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Best of Mark Pilarski

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Anything can and will happen

21 September 2007

Dear Mark: During a recent trip to Tunica, I played extensively on a $1 video blackjack machine (max bet $5). As long as I bet $1 and used basic blackjack strategy, I did fairly well. The moment I bet $3, $4 or $5 (but stayed with the same playing strategy), my percentage of wins plummeted and the dealer's natural blackjacks increased exponentially. Are video blackjack machines programmed to recognize the larger amount bet for the purposes of increasing the prevailing house edge for that hand? R.C.R.

Can video blackjack machines be programmed to recognize a larger amount bet and then stiff you accordingly? YES. Are they on the casino floor as we speak? NO!

Technology does exist for machines to be set to act other than randomly. Such machines can be programmed to avoid giving you those elusive blackjacks, giving the house a much bigger advantage. But those machines are illegal in Nevada, New Jersey, Mississippi, where you played, and most other gaming jurisdictions that pattern their gaming regulations after the above-mentioned states.

Like all of today's cybernetic slots, video blackjack machines use a random number generator (RNG) software algorithm to determine the game's outcome. The number of coins played cannot influence the end result.

What I would like to discuss is your gambling timeline. Your gambling timeline was possibly limited to maybe hundreds of hands of blackjack, not millions, so any percentage return, can, and will happen. The Law of Averages does not have time to work during such a brief casino visit. That said, you should never put your faith in the heady fantasy that happy aberrations in gambling odds will happen, even in games that carry the smallest house edge, like blackjack with your crafty play.

Dear Mark: If I were to insert a $100 bill in a dollar slot machine where they advertised a return of 98%, how much on average would I have to run through the machine before I would go totally broke? I ask because this past weekend I played through $100 in less than 10 minutes. Marty C.

First, Marty, see above where I talk about a gambling timeline as to why your billfold took a lickin' lickety-split; then here's the simple formula for your question. Take your initial investment ($100) and divide it by the house edge (2%). In this case the answer is $100/0.02 = $5,000. But due to the high volatility of slot machines and your gambling timeline being so short, apparently anything DID happen.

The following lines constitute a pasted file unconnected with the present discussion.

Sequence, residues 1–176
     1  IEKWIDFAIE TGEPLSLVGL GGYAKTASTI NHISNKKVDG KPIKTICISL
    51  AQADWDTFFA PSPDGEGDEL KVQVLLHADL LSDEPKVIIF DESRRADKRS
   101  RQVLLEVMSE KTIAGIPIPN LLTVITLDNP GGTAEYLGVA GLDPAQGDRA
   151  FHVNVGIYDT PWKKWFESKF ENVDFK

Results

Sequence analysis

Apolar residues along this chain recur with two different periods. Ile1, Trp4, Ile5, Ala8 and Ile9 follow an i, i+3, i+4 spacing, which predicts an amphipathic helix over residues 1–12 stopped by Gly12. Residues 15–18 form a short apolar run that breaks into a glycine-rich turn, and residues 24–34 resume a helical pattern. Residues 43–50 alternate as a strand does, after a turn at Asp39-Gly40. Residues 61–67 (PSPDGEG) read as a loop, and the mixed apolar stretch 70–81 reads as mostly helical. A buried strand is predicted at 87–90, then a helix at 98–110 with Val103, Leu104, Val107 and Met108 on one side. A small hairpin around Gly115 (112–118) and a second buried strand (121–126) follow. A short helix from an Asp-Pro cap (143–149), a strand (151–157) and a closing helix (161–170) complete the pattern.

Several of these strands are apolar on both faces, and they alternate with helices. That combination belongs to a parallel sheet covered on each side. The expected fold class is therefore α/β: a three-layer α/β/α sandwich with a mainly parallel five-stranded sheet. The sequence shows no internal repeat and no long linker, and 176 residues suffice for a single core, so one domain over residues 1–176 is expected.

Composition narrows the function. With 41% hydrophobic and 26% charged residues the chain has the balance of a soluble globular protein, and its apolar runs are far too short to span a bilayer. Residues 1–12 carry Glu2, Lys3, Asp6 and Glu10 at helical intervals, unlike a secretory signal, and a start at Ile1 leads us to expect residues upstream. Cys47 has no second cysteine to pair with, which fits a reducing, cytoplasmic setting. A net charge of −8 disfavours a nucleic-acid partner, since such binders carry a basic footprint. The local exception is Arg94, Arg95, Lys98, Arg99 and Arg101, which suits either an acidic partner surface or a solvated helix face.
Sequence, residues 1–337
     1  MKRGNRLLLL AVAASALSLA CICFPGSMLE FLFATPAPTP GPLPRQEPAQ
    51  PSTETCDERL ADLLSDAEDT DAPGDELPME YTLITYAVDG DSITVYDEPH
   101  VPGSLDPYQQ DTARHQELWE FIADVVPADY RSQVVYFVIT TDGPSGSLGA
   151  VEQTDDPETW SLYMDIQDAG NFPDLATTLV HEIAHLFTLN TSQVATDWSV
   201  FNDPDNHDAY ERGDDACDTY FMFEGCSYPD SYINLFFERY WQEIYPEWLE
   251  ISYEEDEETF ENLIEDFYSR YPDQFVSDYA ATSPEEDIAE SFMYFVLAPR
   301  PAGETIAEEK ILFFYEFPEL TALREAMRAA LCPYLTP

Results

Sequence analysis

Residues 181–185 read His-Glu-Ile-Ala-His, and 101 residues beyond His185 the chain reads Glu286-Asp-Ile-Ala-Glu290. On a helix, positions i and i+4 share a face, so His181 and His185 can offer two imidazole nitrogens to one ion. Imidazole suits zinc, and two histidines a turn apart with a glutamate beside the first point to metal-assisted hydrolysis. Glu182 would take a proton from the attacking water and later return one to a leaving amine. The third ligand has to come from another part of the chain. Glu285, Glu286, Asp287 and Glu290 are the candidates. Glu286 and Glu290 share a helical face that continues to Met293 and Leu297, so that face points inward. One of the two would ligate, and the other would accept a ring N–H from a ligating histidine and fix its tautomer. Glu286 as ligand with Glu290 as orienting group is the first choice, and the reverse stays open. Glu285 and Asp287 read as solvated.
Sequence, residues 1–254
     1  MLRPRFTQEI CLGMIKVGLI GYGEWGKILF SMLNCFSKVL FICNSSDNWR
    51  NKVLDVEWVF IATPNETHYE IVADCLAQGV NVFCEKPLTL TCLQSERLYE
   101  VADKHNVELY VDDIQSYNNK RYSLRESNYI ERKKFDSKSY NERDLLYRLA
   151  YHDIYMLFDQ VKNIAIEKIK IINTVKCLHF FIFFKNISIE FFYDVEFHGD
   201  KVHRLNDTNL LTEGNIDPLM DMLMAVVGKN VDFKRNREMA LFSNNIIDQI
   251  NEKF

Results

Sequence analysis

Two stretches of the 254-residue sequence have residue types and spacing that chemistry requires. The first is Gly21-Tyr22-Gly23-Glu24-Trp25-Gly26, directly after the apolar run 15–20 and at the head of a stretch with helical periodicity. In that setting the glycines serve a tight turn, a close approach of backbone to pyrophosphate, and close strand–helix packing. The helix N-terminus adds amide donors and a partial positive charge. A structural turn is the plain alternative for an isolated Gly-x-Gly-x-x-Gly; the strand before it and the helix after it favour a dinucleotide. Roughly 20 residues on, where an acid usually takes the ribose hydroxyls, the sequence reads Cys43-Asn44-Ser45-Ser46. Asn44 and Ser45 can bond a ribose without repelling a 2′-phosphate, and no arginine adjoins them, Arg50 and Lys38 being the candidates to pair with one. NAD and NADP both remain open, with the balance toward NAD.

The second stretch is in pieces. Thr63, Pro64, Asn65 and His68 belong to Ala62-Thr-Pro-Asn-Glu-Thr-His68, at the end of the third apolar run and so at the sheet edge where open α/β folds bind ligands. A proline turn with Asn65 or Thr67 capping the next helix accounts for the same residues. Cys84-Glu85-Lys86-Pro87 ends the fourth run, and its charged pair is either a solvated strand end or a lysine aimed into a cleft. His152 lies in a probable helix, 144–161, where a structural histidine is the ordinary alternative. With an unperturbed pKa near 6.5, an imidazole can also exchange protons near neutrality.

Dear Mark: On a lot of video poker machines, four deuces through four fours pay higher than four fives through four kings. Why would lower hands pay higher? Aren't the odds of getting a four-of-a-kind the same, and kings worth more than deuces? Jan L.

Yes, Jan, with a 52-card deck and four of each card, the odds are the same for any four-of-a-kind appearing.

The reason that four threes pay more than four queens is presumably because a lot of players don't keep their low cards as often, therefore, four threes will come up less frequently than four queens. They're banking on your behavior of discarding those lower cards to make it easier for them to pay a bigger bonus for those low fours-of-a-kind.

Gambling Wisdom of the Week: "Once the courts decided it was legal for Indians to build casinos on their lands, Indians have been gleefully making Mr. Paleface pay for the wrongs he's done to native people over the years." --Barry Meadows, "Blackjack Autumn"

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Best of Mark Pilarski
Mark Pilarski

As a recognized authority on casino gambling, Mark Pilarski survived 18 years in the casino trenches, working for seven different casinos. Mark now writes a nationally syndicated gambling column, is a university lecturer, author, reviewer and contributing editor for numerous gaming periodicals, and is the creator of the best-selling, award-winning audiocassette series on casino gambling, Hooked on Winning.
Mark Pilarski
As a recognized authority on casino gambling, Mark Pilarski survived 18 years in the casino trenches, working for seven different casinos. Mark now writes a nationally syndicated gambling column, is a university lecturer, author, reviewer and contributing editor for numerous gaming periodicals, and is the creator of the best-selling, award-winning audiocassette series on casino gambling, Hooked on Winning.